[Abulfeda has in fact two Khanqu (Khanfu): Khansa
with the lake which is Kinsay, and one Khanfu which is probably Canton.
(See Guyard's transl., II., ii., 122-124.) - H.C.] There seems to be an
indication in Chinese records that a southern branch of the Great Kiang
once entered the sea at Kanp'u; the closing of it is assigned to the 7th
century, or a little later.
[Dr. F. Hirth writes (Jour. Roy. As. Soc., 1896, pp. 68-69): "For
centuries Canton must have been the only channel through which foreign
trade was permitted; for it is not before the year 999 that we read of the
appointment of Inspectors of Trade at Hang-chou and Ming-chou. The latter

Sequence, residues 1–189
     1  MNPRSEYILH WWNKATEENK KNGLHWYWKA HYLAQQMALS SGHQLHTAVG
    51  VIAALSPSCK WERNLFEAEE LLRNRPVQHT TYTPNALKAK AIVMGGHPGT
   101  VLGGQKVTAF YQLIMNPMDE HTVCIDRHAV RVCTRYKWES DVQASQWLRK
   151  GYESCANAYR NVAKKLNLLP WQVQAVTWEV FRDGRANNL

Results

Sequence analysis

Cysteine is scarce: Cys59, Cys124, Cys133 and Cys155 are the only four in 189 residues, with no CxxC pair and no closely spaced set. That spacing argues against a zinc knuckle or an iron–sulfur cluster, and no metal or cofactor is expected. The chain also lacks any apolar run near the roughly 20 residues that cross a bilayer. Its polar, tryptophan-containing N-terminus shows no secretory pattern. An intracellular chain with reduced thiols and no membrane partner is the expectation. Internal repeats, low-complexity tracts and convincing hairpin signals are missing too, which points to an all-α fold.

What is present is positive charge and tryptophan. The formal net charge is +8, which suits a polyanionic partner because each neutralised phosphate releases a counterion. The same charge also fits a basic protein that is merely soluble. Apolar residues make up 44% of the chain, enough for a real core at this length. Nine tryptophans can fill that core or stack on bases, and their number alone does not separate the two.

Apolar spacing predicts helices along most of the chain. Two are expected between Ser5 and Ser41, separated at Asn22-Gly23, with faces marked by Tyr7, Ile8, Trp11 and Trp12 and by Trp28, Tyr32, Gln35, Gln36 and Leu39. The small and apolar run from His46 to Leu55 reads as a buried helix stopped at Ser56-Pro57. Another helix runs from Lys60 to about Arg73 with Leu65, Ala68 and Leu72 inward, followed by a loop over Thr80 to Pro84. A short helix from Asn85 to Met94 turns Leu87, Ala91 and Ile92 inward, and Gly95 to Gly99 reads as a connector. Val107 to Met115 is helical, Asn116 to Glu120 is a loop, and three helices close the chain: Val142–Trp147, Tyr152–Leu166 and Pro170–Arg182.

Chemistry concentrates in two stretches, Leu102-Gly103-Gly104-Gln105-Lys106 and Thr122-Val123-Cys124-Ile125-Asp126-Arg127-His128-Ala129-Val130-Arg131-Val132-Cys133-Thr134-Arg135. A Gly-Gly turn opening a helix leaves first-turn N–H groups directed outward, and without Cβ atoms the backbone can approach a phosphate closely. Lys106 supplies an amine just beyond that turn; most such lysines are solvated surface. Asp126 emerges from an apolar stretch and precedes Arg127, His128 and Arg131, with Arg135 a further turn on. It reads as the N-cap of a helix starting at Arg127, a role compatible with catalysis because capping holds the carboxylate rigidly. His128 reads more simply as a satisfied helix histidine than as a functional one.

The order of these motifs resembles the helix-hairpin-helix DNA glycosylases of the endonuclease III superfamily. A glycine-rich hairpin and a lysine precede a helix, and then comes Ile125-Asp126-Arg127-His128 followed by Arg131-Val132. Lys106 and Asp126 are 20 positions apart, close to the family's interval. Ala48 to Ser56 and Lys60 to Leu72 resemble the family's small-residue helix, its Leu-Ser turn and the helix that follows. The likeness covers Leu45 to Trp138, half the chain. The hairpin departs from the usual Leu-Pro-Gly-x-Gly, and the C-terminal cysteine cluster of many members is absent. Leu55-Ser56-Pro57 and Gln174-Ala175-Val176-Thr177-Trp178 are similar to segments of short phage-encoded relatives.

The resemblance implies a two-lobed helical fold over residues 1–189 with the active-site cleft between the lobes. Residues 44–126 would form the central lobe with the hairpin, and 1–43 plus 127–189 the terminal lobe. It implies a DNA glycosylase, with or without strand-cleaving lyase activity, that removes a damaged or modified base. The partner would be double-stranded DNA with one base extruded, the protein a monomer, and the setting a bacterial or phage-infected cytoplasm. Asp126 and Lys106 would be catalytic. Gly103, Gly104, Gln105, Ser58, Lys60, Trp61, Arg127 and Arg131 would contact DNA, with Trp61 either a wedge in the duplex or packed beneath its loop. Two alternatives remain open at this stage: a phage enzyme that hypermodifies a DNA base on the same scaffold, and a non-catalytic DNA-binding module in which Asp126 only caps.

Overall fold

name is identified with Ning-po." Dr. Hirth adds in a note: "This is in my
opinion the principal reason why the port of Khanfu, mentioned by the
earliest Muhammadan travellers, or authors (Soleiman, Abu Zeid, and
Macoudi), cannot be identified with Hang-chou. The report of Soleiman, who
first speaks of Khanfu, was written in 851, and in those days Canton was
apparently the only port open to foreign trade. Marco Polo's Ganfu is a
different port altogether, viz. Kan-fu, or Kan-pu, near Hang-chou, and
should not be confounded with Khanfu." - H.C.]
The changes of the Great Kiang do not seem to have attracted so much
attention among the Chinese as those of the dangerous Hwang-Ho, nor does
their history seem to have been so carefully recorded.